Zero-Trust Migration:

 

Developing an implementation plan and the need to understand technical requirements that can engage software vendors and third-party solution integrators is a task. How can Zero-Trust be enabled in an organization's network and business applications? These are all hard questions, especially when addressing legacy systems that are hosted in legacy, on-premises environments versus new deployments in the cloud.
 
The approach to Zero-Trust migration can be done by applying the following process: Discover, Assessment, Deployment, and Operations in conjunction with the NIST Risk Management Framework.

One successful formula for migration is to start with a Discovery process. The Discovery of networking components, application services, network traffic, and core business applications is critical to building the core fabric of a Zero-Trust architecture and ultimately influences the rules for data access that will be enforced. Knowing how business data flows throughout the organization and to its partners is essential. Having an accurate inventory of organizational assets and the users/systems associated with them is also critical. The goal is to verify that a connection is trusted and has only the required privilege and rights to view and/or process business data.

 

Discovery:
  • Business Applications
  • Asset Inventory
  • Network Traffic Inventory
  • Data Flow
  • User Roles and Privileges
  • System Accounts

 

The next step in migration is the Assessment process. Assessment includes reviewing and assessing existing network policies (e.g., VLAN configurations, firewalls, data loss prevention, and intrusion detection/prevention systems). During this step, devices' security health, or hygiene can be reviewed for compliance with standards. User and system accounts will also be examined for the least privilege.

 

Assessment:
  • Conduct Role Assessment on Zero-Trust Reference Architecture
  • Threat Model
  • Assess Policy Engine Rules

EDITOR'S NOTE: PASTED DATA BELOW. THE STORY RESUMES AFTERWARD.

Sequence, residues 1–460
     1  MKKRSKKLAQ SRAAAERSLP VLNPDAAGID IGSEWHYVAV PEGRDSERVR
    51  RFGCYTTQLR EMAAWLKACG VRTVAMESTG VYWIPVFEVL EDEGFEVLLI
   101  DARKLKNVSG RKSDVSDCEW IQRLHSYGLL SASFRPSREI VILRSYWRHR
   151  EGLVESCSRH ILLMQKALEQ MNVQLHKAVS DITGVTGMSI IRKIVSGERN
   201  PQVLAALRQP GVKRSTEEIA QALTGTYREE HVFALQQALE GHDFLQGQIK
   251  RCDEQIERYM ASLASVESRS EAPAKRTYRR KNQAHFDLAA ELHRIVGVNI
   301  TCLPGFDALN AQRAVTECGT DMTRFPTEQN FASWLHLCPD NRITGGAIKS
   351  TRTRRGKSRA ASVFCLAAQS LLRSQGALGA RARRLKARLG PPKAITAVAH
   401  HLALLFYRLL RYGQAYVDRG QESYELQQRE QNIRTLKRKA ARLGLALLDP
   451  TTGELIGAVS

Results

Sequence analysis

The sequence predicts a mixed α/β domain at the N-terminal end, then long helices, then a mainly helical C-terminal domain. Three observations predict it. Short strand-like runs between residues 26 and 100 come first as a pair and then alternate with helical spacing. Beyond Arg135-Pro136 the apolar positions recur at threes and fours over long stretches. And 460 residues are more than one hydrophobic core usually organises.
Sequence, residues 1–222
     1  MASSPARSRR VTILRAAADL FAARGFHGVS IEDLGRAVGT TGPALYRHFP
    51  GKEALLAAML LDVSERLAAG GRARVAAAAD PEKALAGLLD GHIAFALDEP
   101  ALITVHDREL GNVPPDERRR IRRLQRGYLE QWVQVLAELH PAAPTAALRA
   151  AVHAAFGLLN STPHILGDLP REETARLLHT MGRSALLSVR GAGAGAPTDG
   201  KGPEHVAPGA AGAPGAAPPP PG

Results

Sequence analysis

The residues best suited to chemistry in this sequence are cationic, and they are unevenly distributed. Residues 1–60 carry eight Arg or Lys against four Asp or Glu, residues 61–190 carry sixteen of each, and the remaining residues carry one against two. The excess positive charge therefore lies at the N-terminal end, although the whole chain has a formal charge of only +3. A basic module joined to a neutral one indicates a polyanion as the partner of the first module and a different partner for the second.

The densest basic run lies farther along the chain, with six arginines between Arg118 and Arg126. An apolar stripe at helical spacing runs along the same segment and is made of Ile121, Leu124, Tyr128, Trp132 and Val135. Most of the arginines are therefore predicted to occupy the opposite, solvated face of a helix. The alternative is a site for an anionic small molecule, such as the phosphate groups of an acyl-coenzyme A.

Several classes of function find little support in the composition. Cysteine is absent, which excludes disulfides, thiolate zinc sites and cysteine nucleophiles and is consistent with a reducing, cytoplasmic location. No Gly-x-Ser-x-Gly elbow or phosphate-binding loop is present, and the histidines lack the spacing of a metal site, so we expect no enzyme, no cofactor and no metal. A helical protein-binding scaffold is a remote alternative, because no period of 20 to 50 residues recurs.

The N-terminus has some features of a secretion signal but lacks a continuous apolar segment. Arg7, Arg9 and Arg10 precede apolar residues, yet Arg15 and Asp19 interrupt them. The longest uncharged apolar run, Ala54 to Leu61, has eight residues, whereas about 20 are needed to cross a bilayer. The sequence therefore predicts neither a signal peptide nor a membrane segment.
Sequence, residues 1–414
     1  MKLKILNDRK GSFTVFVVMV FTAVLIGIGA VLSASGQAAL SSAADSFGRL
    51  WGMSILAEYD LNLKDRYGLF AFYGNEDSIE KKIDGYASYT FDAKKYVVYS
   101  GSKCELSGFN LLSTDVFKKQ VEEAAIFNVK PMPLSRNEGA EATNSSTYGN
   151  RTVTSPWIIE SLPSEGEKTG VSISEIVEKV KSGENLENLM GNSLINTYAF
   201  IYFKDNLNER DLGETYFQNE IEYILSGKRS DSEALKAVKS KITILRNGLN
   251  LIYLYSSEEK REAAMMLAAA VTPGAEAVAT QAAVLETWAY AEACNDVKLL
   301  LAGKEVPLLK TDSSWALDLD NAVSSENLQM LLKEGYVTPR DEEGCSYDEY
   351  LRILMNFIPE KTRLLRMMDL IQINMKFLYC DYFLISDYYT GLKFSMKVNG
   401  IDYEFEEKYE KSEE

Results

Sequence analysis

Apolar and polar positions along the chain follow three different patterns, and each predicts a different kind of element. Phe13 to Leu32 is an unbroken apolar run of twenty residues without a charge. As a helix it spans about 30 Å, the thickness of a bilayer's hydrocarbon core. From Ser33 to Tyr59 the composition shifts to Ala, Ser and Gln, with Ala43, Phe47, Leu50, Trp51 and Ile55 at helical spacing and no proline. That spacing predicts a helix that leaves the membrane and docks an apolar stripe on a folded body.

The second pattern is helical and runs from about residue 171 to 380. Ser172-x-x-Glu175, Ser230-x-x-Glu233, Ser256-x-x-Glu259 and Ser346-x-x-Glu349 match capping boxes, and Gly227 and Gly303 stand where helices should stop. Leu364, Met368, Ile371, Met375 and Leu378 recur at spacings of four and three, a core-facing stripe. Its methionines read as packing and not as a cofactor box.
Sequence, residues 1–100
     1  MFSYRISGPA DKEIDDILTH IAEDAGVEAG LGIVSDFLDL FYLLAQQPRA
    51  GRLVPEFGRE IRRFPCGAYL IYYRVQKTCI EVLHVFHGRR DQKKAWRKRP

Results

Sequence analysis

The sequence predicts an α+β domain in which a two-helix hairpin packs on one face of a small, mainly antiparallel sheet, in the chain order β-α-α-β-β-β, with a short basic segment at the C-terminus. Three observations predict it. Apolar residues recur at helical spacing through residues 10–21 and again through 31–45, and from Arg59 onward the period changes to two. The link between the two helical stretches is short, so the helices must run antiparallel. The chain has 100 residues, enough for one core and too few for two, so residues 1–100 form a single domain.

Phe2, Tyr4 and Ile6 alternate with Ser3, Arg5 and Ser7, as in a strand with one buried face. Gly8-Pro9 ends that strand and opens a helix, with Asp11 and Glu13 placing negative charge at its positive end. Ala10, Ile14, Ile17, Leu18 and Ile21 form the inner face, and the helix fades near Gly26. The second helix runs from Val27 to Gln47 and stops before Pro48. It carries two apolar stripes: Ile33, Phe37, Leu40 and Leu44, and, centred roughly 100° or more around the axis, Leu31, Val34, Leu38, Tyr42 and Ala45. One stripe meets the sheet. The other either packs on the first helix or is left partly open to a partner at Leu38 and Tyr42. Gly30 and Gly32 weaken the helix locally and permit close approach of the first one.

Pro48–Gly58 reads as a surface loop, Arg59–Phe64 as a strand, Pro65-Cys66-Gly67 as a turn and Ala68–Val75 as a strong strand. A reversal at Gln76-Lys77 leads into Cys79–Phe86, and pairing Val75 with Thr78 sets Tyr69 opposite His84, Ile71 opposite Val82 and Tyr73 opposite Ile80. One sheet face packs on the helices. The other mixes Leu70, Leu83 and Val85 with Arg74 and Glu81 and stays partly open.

• Assess Policy Enforcement

 

The next step in this simplified migration process would be the Deployment process. This is where the Zero-Trust reference architecture is implemented.  

 

Deployment:
  • Deploy Architecture Components
  • Conduct Systems Interaction
  • Implement Policy Engine
  • Implement Policy Enforcement Points

 

Lastly, the organization's environment in Operations is continuously monitored, and policy rules are monitored for effectiveness against assets and users and then adjusted.

 

Operations:
  • Visualize and Analyze Data Flow and Trusted Connections
  • Continuously Monitor Users' Devices and System Processing
  • Correlate Security Intelligence Policy

 

Zero-Trust Migration Challenges:

 

Changing legacy networks and existing business applications to be Zero-Trust aware is not trivial. The top challenges are the following :
  • Organizational culture
  • Project budgeting and planning
  • Creating, maintaining, and controlling an organization's asset inventory
  • Assessing the complex infrastructure and data flow in the current business
  • Micro-segmentation strategies to manage risk
  • Consideration for hybrid hosting environments

 

Conclusion:

 

Effective implementation of Zero-Trust requires an assessment of the risk of access to data and the environment. Zero-Trust is a total commitment to a process that alters an organization's structure.  

 

References:


https://doi.org/10.6028/NIST.SP.800-207

https://downloads.hindawi.com/journals/scn/2021/9947347.pdf

https://nvlpubs.nist.gov/nistpubs/CSWP/NIST.CSWP.20.pdf



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madunixExecutive IT Director
CERTIFIED EXPERT
Name: Fadi Sodah, Experience: +25 years in Information Technology.